Location: Rainey Auditorium, Penn Museum, 3260 South Street
Anna D. Wolf Chair and Professor of Nursing, Johns Hopkins University National Program Director, Robert Wood Johnson Foundation Nurse Faculty Scholars Program
Global efforts to prevent violence have tended to focus on violence between men. Yet it is gender-based violence, largely directed at women and girls, that inflicts the highest costs on a society's health and well-being. Jacqueline Campbell, an international authority on violence against women, discusses this global problem and highlights some of the new community-based strategies that are being used successfully to combat it.
Hailed by the U.S. Centers for Disease Control and Prevention as one of the 20 most influential researchers in disease prevention over the last two decades, Jacquelyn Campbell has published well over 200 articles and seven books on intimate partner violence, violence against women, and adolescent exposure to violence. She has been principal investigator on numerous major federal research grants and served as co-chair of the Steering Committee for the WHO Multi-country Study on Women’s Health and Domestic Violence against Women. She currently co-chairs the Institute of Medicine's Forum on Global Violence Prevention.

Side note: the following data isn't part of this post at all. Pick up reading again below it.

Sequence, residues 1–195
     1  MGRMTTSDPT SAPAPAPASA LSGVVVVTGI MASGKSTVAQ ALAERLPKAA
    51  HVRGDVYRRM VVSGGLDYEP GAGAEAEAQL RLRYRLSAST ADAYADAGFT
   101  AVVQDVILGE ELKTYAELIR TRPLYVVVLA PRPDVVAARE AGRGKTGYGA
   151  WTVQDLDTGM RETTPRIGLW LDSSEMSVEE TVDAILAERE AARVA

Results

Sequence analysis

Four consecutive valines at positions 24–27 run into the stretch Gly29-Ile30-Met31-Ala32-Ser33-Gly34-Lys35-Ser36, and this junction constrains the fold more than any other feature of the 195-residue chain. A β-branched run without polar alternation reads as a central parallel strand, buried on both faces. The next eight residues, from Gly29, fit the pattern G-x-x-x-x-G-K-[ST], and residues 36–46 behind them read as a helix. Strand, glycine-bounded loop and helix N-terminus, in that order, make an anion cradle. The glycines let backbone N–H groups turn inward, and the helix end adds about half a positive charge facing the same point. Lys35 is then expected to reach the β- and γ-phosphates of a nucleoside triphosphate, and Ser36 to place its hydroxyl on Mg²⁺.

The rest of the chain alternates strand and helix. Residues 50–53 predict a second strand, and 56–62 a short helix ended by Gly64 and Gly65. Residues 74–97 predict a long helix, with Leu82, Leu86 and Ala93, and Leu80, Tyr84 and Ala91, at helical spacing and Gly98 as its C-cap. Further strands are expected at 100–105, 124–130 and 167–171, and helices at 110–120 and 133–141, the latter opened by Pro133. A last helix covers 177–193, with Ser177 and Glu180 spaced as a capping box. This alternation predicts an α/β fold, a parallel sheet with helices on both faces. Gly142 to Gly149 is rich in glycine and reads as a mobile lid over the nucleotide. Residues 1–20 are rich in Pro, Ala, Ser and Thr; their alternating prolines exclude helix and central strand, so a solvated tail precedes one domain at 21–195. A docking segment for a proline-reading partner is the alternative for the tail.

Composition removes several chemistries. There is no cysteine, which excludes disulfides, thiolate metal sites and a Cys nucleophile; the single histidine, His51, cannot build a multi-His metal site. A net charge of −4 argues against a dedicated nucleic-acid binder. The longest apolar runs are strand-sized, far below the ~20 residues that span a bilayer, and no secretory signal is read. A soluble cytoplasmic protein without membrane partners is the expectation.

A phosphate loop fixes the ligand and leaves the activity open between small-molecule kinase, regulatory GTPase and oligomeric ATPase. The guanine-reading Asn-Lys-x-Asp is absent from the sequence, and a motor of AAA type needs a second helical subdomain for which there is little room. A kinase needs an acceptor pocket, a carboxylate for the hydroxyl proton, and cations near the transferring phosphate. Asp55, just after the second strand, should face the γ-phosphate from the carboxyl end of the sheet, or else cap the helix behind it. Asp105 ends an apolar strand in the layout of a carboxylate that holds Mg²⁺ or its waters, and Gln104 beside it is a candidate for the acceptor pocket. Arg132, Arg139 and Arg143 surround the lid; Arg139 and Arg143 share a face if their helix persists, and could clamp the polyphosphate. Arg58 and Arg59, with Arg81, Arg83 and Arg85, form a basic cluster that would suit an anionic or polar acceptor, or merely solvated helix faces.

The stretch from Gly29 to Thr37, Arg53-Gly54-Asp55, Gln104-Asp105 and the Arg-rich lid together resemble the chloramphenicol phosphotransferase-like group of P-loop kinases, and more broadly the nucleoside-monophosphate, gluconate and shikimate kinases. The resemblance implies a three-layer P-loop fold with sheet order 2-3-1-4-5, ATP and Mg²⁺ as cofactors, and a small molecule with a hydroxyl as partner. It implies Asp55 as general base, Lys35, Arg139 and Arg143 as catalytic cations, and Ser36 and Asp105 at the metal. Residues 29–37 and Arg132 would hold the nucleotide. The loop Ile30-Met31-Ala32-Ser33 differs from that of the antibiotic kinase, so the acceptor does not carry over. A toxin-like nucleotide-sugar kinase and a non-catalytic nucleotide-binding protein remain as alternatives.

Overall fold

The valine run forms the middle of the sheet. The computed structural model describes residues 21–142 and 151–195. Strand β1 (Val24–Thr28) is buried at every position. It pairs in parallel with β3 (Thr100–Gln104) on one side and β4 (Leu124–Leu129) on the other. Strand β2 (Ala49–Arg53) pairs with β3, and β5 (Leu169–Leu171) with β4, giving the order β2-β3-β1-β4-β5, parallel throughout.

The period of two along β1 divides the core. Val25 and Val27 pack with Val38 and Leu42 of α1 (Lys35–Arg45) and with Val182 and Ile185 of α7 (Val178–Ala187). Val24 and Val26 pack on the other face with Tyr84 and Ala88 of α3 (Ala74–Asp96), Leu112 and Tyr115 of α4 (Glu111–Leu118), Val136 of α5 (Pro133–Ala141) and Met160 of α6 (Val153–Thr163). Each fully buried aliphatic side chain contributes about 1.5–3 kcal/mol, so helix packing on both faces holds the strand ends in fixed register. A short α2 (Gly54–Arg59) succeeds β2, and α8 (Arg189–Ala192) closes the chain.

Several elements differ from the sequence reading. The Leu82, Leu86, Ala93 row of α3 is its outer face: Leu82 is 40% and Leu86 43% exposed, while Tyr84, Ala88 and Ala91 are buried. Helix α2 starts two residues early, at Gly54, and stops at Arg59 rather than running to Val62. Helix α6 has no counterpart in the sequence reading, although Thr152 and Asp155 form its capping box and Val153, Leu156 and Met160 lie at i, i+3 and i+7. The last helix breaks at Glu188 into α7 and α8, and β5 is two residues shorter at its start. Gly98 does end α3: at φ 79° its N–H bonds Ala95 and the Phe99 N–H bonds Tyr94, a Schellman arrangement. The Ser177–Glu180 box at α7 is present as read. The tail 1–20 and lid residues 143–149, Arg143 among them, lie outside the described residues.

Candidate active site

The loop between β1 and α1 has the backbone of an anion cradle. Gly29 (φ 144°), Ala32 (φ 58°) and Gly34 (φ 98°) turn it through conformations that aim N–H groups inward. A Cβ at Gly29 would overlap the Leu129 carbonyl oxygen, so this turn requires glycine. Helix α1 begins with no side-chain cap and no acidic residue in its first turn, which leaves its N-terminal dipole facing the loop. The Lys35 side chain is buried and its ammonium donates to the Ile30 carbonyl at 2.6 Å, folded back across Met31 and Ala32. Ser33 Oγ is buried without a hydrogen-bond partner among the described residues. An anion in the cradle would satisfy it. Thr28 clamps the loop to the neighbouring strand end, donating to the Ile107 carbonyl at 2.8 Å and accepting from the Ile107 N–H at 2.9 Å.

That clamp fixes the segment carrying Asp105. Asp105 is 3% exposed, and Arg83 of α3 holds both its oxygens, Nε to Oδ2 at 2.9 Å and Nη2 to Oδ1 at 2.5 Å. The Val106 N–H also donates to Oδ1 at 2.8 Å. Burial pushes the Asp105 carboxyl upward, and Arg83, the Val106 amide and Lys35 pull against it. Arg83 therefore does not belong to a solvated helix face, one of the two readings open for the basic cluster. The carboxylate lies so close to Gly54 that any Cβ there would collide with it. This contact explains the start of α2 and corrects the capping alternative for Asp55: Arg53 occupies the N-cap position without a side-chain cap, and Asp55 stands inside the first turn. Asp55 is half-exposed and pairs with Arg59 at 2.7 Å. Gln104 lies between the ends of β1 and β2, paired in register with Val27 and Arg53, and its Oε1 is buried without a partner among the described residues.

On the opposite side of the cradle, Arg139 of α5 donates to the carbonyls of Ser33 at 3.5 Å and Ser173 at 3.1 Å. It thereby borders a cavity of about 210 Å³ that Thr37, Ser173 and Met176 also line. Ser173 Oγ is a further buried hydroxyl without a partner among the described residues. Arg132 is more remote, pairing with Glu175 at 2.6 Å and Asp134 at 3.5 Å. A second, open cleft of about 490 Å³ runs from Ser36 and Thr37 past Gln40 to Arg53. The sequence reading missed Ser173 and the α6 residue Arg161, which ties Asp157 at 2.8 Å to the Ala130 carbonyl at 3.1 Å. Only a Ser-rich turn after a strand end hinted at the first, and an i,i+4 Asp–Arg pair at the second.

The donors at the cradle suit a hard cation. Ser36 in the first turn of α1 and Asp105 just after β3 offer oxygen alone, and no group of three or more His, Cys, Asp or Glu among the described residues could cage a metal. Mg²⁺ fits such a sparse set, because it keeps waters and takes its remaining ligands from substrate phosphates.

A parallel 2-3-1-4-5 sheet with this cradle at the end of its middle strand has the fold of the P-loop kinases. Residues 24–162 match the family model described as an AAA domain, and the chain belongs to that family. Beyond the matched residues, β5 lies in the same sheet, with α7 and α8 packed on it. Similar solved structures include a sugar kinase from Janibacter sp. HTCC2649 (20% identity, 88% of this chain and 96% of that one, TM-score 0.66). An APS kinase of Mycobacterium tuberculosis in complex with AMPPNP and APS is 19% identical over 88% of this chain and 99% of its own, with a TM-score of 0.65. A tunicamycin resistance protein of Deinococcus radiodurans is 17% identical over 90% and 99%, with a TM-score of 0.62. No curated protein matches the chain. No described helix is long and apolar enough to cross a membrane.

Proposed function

An elected member of the Institute of Medicine and the American Academy of Nursing, Dr. Campbell served on the congressionally appointed U.S. Department of Defense Domestic Violence Task Force, as well as on the board of directors for five battered women shelters, including the House of Ruth. She is the current Chair of the Board of Directors for Futures without Violence.